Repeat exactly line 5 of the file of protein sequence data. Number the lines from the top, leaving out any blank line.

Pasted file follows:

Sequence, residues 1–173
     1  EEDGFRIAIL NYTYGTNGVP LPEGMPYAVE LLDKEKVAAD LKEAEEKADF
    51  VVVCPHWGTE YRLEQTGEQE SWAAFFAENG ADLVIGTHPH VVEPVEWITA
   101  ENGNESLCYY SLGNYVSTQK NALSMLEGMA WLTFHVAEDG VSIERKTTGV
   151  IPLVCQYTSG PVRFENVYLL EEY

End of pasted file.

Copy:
   151  IPLVCQYTSG PVRFENVYLL EEY